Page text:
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If I am collecting data that needs to be posted to a web service on a regular (~5 minutes) basis, and that service has temporarily gone offline, what is the best practice to ensure we don't lose any data?

Of course, we could simply buffer in memory until the service is back online, but what if the service is offline for a great period of time? Should we fall back to simply storing the serialized data to the local file system until the service is back online?

Are there other considerations/practices?

Any 'out of the box' frameworks that handle this for C#?

EDIT:

It's business critical that we don't lose any, or very minimal, data as it's for auditing for sensitive temperature controlled environments. We'll be using Json, and they will simply be sensor readings (not a large amount of data). We'll be using Web API, probably hosted on Azure, so the availability of the service should be good. Of course there are other factors such as localised network concerns. Everything will be under our control, apart from the infrastructure where the sensor software will be installed, this will be at client sites.

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    Would depend on amount of data, data format (CSV, binary, JSON, XML...) and maybe a few other factors (also considering using another service if this one isn't reliable enough, though of course may not be an option for whatever reasons). There are various simple solutions for log data that could handle this maybe, one thing to look into could be the Elasticsearch ELK stack. Jul 20 '15 at 11:30
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    What resources are available to you? What (e.g. monetary) loss would your company endure if the data is fully lost? What is the volume of data and bandwidth? How serious/reliable is that web service to which you post? Is it under your control? Jul 20 '15 at 11:34
  • Did you consider doing the opposite. Have some kind of server on your machine, and have the web service pull that data periodically? Jul 20 '15 at 11:40
  • It's business critical that we don't lose any, or very minimal, data as it's for auditing for sensitive temperature controlled environments. We'll be using Json, and they will simply be sensor readings (not a large amount of data). We'll be using Web API, probably hosted on Azure, so the availability of the service should be good. Of course there are other factors such as localised network concerns. Everything will be under our control, apart from the infrastructure where the sensor software will be installed, this will be at client sites. Jul 20 '15 at 12:49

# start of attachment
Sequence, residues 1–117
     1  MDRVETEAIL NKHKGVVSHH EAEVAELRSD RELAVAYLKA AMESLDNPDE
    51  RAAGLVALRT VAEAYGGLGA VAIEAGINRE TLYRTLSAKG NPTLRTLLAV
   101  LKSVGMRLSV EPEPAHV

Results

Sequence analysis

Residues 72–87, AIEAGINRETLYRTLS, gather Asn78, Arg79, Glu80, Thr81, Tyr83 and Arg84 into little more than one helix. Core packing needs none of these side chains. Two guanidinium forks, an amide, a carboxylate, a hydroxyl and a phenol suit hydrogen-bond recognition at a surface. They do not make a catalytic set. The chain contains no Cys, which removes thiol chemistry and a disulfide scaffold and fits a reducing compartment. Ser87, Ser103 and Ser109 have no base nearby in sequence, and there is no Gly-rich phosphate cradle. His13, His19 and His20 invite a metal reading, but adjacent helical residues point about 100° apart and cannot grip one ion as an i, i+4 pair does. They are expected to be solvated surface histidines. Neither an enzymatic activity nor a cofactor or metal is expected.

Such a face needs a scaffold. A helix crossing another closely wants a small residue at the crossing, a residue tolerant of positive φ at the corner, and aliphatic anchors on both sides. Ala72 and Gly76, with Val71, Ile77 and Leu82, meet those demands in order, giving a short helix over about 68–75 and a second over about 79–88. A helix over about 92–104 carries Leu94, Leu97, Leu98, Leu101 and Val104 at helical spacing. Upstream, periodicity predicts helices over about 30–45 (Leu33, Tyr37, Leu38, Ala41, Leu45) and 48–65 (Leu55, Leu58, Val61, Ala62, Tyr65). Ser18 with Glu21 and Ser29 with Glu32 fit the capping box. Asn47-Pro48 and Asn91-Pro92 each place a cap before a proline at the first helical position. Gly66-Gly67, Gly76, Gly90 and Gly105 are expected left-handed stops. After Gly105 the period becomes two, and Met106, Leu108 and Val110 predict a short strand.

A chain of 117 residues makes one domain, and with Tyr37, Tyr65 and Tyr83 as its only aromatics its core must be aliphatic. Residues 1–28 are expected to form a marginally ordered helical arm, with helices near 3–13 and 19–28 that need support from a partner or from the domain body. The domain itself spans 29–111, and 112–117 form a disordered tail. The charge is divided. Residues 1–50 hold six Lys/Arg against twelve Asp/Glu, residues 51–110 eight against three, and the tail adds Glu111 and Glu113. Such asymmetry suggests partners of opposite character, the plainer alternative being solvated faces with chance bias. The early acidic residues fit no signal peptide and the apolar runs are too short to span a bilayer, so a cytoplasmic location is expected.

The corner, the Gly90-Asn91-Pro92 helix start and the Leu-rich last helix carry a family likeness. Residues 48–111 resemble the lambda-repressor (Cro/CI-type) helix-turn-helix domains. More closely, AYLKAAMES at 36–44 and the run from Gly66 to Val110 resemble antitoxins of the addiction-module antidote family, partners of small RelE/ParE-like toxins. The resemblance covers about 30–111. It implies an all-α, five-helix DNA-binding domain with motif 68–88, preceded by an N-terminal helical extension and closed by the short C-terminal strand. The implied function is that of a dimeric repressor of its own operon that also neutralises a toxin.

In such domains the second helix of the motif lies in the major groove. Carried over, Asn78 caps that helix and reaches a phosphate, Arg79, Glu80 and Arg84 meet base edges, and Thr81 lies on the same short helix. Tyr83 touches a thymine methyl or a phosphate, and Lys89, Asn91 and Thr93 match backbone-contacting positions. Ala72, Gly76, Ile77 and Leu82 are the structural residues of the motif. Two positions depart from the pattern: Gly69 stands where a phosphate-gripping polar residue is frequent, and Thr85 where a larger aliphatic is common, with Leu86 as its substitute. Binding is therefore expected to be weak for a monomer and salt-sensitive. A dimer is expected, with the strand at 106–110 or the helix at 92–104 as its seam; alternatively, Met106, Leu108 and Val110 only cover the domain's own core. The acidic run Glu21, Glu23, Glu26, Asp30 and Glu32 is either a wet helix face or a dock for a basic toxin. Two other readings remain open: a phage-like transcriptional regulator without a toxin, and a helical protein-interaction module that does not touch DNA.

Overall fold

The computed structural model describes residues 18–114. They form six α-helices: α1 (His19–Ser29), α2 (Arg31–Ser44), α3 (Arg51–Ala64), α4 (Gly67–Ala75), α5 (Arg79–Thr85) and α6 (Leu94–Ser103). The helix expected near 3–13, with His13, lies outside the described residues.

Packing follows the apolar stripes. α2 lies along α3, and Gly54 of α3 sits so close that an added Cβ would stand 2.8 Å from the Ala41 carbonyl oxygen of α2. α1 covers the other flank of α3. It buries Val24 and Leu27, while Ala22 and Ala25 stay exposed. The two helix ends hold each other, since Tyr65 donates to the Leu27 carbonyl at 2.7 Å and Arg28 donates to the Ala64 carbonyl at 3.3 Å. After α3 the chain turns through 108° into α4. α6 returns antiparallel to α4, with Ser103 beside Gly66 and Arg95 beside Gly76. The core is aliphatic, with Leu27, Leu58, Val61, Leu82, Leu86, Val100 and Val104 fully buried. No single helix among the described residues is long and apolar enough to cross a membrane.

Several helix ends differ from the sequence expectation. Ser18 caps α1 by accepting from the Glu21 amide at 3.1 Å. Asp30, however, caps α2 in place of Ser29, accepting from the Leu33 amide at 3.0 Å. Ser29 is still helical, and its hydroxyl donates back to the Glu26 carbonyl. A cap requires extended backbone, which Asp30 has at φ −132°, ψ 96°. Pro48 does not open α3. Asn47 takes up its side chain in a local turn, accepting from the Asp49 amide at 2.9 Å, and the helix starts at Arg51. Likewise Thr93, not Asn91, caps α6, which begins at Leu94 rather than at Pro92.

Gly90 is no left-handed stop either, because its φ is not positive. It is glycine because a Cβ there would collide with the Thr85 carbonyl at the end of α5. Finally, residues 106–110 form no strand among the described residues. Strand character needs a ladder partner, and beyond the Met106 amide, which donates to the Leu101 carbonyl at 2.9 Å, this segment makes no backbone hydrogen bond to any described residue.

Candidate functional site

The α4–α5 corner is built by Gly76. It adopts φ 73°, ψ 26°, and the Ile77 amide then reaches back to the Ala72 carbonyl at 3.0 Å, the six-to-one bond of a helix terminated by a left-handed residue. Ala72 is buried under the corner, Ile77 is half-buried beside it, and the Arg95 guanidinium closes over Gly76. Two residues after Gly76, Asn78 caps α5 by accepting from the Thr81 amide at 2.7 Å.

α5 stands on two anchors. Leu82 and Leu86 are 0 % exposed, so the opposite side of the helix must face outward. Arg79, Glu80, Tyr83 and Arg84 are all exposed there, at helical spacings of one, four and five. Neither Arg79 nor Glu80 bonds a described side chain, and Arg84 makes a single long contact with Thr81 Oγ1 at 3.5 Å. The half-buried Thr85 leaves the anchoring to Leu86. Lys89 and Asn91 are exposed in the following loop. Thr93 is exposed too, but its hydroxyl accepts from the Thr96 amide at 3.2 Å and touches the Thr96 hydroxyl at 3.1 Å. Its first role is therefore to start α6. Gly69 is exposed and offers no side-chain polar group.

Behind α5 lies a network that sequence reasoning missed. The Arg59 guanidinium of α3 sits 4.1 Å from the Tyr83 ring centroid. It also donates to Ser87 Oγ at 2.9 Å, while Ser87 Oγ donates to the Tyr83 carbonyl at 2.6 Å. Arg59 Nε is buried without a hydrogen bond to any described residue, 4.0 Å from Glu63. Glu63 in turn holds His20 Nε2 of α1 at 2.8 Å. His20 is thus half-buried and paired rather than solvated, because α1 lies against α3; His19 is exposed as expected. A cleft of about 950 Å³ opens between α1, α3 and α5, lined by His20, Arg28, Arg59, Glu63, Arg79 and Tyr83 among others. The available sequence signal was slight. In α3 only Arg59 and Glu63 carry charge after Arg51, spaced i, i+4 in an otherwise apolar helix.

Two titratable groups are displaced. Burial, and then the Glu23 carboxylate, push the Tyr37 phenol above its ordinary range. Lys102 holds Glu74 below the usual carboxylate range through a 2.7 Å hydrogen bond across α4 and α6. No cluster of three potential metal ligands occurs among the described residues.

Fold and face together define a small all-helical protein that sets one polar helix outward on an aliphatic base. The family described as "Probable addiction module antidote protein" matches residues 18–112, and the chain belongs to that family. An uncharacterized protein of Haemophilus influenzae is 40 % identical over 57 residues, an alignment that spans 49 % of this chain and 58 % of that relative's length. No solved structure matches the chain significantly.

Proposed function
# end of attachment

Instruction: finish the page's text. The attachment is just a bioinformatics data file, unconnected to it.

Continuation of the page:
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    @DarrenYoung: you should edit your question instead of commenting it Jul 21 '15 at 5:15
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Since you mention that "It's business critical that we don't lose any, or very minimal, data" IMHO buffering in memory is not really a good idea - it's volatile and if your machine/process dies for whatever reason that data is lost. Plus in-memory buffering needs extra care (unknown downtime duration, chewing memory resources, etc).

On upload failure I'd always fallback to storing the data in a local persistent location which can survive a server reboot. Whenever the "current" upload attempt succeeds (i.e. the server is back online) I'd retry uploading all "outstanding" data from the persistent location, maybe in multiple chunks if needed.

Shouldn't be that complex to warrant an 'out of the box' framework solely for this purpose.

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